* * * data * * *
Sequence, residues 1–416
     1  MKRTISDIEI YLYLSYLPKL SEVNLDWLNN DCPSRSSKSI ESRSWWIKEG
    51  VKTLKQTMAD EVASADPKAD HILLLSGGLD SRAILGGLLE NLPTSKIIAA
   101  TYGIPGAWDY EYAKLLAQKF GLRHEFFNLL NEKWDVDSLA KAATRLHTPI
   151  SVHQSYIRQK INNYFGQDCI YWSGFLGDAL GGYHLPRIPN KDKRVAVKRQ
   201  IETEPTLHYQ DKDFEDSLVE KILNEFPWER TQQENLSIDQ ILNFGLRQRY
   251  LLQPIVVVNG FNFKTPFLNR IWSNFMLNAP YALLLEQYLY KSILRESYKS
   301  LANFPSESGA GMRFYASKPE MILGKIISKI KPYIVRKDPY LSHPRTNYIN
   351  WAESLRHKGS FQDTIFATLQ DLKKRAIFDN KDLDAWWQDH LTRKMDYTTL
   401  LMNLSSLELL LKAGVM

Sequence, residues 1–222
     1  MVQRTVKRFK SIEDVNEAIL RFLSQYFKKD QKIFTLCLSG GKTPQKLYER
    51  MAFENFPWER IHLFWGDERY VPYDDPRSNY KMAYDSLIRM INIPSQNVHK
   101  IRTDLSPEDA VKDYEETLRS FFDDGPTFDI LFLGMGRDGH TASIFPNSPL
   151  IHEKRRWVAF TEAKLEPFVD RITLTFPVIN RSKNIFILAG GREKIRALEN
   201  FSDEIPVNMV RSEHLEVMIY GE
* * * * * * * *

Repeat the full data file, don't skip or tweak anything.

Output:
Sequence, residues 1–416
     1  MKRTISDIEI YLYLSYLPKL SEVNLDWLNN DCPSRSSKSI ESRSWWIKEG
    51  VKTLKQTMAD EVASADPKAD HILLLSGGLD SRAILGGLLE NLPTSKIIAA
   101  TYGIPGAWDY EYAKLLAQKF GLRHEFFNLL NEKWDVDSLA KAATRLHTPI
   151  SVHQSYIRQK INNYFGQDCI YWSGFLGDAL GGYHLPRIPN KDKRVAVKRQ
   201  IETEPTLHYQ DKDFEDSLVE KILNEFPWER TQQENLSIDQ ILNFGLRQRY
   251  LLQPIVVVNG FNFKTPFLNR IWSNFMLNAP YALLLEQYLY KSILRESYKS
   301  LANFPSESGA GMRFYASKPE MILGKIISKI KPYIVRKDPY LSHPRTNYIN
   351  WAESLRHKGS FQDTIFATLQ DLKKRAIFDN KDLDAWWQDH LTRKMDYTTL
   401  LMNLSSLELL LKAGVM

Sequence, residues 1–222
     1  MVQRTVKRFK SIEDVNEAIL RFLSQYFKKD QKIFTLCLSG GKTPQKLYER
    51  MAFENFPWER IHLFWGDERY VPYDDPRSNY KMAYDSLIRM INIPSQNVHK
   101  IRTDLSPEDA VKDYEETLRS FFDDGPTFDI LFLGMGRDGH TASIFPNSPL
   151  IHEKRRWVAF TEAKLEPFVD RITLTFPVIN RSKNIFILAG GREKIRALEN
   201  FSDEIPVNMV RSEHLEVMIY GE